Boyarskikh, I.G., and Shitov, A.V., 2010. Intraspecific variability of plants: The impact of active local faults. In: Florinsky, I.V. (Ed.), Man and the Geosphere. Nova Science Publishers, New York, pp. 145–167.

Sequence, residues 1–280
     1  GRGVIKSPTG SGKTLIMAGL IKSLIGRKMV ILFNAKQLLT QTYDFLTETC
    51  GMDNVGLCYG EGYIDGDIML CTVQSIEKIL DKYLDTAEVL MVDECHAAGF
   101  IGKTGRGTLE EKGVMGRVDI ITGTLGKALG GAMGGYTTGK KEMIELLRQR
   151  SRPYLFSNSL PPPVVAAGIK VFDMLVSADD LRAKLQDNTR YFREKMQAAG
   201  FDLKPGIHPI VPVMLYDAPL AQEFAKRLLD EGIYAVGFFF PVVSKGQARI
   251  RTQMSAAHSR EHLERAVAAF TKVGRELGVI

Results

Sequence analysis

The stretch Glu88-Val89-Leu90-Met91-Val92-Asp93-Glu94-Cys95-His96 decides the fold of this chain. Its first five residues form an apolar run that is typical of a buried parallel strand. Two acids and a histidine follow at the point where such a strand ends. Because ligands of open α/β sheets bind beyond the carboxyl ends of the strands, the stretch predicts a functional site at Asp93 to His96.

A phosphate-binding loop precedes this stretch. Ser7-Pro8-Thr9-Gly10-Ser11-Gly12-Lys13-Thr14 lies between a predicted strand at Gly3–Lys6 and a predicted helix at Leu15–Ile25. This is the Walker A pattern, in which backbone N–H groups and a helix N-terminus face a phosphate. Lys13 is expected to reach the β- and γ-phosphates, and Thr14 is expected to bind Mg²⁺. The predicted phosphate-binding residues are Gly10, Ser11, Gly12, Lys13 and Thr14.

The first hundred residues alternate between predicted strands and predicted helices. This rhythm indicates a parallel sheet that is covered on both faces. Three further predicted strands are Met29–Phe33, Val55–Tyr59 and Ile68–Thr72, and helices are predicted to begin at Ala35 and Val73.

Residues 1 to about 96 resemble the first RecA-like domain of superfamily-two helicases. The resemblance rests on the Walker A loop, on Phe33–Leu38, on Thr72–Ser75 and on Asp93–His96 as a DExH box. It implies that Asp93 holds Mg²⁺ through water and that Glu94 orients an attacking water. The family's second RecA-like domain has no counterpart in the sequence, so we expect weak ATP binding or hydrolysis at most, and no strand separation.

Plant domestication has given a strong impetus to the development of early agricultural societies. Such societies have commonly been located in regions of genetic and phenotypic intra- and interspecific variability of plants. In this chapter, we study a possible impact of active local faults on plant intrapopulation variability exemplified by Lonicera caerulea L. (blue honeysuckle). We carried out a combined geophysical (magnetometric) and botanical survey in the Ak-Turu Valley, Mountain Altai, Russia. Statistical analyses demonstrated that within fault zones (a) the expression of L. caerulea recessive trait – bitter-free fruits – is sharply increased; (b) the smallest fruits are observed; and (c) diversity of fruit shape is increased. It is known that many species display the highest level of plant-to-plant intrapopulation variability when they occur in the least favorable environmental conditions. This can be connected with a mutagenicity of a chronic stress and a direct influence of local geochemical mutagenic agents. The decrease in fruit weight and the increase in variability of morphometric and taste traits indicate that fault zones may effect plant development in both these ways. This can be associated with local seismicity as a permanent stressor, as well as a seismically induced increase in the groundwater-driven release of some mutagenic substances and radon emanation along the faults and adjacent fractures. Our results suggest that geochemical and geophysical anomalies as well as an enhanced degassing level within fault zones, especially during regional seismic activization, may mutagenically affect plants.